As part of the travel charter, the vessel is leased by the shipowner for a voyage. Similarly, according to the travel charter, he is the shipowner who paid for the maintenance of the vessel. Charterers and shipowners have different responsibilities in each type of charter. There are four main methods for chartering a tramp boat – charter, on-time charter, cash charter and “flat-rate contract.” Travel chartering is the most common. Under this method, a vessel is chartered for a one-shot voyage between specified ports with a cargo determined at a negotiated freight rate. On a timely charter, the charterer leases the vessel for a specified period of time, for a specified round trip or occasionally for a one-way trip indicated, the rental rate being expressed in the form of such a quantity per tonne of net weight per month. While on a travel charter, the owner bears all the costs of the trip (subject to the agreement on loading and unloading costs), the charterer currently bears the costs of the bunkers and shops consumed. Now that we understand the concept of chartering, we should understand the different types of charters. The shipment is transported in accordance with the charter party agreement between “charterer`s name” and “airline name” of January 1, 2016….. The charterer may even have brokers for other purposes. For example, charterers may have a real estate agent to find a cargo for the ship they want to rent, and they may have another broker to find a ship for the cargo they have on hand.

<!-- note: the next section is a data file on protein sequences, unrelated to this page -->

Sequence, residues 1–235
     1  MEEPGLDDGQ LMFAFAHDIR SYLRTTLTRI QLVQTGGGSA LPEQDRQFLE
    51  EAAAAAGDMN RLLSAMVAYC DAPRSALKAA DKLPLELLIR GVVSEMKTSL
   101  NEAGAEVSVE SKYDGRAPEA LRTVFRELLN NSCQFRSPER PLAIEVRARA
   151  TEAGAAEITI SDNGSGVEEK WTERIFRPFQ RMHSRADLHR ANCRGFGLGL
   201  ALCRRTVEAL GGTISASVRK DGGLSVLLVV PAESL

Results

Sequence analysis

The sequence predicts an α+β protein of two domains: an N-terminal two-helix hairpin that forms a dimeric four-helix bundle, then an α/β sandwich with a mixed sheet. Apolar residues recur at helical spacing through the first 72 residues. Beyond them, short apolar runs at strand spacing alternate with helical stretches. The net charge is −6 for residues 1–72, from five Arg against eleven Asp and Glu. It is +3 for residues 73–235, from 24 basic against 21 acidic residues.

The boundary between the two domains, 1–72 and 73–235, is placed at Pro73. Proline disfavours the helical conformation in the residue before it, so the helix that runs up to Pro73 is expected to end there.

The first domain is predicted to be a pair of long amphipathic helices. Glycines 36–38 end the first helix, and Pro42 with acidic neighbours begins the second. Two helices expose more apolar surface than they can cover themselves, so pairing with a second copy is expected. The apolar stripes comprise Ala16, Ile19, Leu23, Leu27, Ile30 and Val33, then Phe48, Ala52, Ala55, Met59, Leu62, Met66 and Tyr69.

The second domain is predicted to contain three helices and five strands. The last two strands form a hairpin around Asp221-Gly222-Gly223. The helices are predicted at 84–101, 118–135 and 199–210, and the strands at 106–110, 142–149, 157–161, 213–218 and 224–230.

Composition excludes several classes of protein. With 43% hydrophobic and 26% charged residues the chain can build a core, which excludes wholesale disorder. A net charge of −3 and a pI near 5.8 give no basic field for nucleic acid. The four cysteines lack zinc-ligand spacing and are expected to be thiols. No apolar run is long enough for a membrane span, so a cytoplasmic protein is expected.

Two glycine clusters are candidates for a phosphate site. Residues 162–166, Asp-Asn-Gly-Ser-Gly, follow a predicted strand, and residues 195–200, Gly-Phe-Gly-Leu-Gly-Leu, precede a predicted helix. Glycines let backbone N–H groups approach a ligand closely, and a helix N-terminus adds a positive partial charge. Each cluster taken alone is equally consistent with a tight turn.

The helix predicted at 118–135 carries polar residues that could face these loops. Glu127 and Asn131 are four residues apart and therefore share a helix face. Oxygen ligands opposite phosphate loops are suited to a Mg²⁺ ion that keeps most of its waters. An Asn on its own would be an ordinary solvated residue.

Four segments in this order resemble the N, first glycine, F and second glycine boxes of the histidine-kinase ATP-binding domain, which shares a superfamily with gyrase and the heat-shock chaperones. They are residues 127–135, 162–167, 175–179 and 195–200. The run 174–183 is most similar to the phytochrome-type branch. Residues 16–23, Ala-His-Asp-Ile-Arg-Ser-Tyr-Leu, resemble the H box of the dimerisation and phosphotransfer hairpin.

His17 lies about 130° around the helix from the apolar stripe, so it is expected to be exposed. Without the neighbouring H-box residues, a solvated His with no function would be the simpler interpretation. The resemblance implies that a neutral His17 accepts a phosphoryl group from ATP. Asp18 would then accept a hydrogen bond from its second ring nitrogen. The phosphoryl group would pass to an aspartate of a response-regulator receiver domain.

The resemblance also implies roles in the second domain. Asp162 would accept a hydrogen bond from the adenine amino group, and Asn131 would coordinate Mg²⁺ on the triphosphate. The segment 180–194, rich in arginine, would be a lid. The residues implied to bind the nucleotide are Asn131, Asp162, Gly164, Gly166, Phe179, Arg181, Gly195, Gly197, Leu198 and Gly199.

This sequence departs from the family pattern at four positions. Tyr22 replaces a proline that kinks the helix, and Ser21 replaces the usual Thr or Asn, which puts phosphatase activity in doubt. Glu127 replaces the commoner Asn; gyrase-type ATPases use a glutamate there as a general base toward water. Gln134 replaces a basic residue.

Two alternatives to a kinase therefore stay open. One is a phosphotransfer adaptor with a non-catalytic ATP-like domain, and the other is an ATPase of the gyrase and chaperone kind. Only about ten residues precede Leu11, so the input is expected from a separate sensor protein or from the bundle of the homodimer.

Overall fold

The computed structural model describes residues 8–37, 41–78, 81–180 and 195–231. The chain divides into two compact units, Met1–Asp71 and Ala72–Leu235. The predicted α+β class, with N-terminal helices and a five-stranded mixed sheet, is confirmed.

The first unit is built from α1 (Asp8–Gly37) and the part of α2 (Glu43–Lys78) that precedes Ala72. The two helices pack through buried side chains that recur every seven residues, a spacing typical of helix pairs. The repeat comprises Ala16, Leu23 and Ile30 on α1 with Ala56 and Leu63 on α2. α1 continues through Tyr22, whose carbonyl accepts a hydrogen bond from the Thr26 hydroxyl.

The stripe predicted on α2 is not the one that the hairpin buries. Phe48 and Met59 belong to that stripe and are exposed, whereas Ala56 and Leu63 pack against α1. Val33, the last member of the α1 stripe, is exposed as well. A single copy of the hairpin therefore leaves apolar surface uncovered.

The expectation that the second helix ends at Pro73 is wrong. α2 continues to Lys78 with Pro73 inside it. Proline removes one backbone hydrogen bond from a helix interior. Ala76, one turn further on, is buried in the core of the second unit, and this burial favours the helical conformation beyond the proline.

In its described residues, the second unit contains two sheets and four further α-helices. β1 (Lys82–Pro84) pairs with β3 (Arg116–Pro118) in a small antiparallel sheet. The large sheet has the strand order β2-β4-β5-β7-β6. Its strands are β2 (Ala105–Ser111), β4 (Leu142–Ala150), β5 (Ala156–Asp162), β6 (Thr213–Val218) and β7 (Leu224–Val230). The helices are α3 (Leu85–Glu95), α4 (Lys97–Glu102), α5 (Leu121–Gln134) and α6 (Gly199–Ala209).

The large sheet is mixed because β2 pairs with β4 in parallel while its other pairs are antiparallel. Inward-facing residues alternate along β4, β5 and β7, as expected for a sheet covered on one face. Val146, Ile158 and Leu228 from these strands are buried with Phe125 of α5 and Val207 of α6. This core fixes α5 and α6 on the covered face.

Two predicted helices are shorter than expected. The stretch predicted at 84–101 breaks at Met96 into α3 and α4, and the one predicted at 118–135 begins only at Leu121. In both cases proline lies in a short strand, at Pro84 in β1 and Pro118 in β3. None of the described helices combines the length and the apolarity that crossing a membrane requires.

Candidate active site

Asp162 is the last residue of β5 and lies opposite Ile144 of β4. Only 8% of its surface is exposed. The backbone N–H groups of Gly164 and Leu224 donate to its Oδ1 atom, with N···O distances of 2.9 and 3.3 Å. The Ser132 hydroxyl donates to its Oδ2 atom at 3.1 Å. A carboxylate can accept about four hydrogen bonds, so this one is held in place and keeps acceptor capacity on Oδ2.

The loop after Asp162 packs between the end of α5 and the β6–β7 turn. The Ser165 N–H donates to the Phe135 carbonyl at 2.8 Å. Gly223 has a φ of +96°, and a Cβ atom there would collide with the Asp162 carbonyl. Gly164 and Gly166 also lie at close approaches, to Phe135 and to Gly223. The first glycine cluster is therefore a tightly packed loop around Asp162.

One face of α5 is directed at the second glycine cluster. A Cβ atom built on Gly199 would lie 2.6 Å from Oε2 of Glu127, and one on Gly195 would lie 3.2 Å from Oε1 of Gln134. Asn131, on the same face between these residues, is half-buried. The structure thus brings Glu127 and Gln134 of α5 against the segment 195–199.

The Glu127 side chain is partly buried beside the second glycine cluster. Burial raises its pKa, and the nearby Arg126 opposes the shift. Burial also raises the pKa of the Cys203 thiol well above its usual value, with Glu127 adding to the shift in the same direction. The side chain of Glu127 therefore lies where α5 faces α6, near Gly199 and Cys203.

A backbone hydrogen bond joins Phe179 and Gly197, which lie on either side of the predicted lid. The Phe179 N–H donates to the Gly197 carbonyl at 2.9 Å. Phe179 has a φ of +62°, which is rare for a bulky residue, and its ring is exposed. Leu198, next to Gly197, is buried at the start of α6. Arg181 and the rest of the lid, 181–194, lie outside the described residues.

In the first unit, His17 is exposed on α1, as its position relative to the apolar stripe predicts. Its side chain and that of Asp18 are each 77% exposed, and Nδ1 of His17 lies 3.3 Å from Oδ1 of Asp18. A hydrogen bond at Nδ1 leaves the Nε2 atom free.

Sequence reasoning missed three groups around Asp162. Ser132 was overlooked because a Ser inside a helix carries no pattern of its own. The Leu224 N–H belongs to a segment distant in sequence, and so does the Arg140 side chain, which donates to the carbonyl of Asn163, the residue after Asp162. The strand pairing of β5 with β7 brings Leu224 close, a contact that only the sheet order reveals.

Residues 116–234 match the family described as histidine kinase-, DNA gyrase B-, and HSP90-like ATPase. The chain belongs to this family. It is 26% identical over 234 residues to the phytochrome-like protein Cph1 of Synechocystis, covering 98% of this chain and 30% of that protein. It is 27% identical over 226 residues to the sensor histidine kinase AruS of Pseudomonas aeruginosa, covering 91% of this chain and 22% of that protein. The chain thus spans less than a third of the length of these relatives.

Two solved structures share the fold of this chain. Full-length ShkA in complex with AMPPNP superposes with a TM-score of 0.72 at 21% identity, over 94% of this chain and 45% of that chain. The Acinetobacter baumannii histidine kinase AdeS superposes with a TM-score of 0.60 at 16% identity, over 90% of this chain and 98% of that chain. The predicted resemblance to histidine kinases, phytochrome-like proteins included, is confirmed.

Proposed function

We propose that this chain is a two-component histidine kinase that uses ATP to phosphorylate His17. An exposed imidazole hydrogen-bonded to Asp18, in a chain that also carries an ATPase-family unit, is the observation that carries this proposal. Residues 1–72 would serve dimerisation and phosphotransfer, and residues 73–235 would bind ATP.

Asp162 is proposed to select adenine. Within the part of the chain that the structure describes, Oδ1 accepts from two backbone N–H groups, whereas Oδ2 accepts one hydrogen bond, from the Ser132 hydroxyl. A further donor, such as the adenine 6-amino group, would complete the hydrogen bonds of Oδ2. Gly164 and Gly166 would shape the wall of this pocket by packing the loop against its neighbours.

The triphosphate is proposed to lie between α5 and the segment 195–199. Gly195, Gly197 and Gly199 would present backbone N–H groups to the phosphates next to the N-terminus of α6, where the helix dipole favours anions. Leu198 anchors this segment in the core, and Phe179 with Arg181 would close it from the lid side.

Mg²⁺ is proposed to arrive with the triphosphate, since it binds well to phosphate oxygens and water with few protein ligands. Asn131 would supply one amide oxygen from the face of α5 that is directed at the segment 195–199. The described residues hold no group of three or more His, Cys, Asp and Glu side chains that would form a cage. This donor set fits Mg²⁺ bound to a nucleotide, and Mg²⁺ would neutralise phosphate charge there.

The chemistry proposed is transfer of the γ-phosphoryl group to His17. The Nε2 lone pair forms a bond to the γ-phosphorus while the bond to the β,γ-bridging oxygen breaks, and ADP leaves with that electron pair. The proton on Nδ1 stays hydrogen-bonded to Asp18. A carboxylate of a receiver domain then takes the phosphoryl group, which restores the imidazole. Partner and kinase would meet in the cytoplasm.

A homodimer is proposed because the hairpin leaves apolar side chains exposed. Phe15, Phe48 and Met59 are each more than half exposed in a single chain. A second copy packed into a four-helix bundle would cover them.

Similarly, the charterer leased the cargo hold of the vessel as part of the charter. But the master and crew remain under the tutelage of ship owners and managers. For example, shipowners and charterers agree on factors such as the permitted number of loading and unloading days. There are three main types of charter party: time, travel and sinking and another: The task of the charterer is to find a boat for the cargoes they have from different shippers and maximize the space on the boat they want to rent. An ice clause is inserted into a bill of lading or charter party when a vessel is transported to a port that may be closed for ice shipping upon the vessel`s arrival or after the vessel arrives.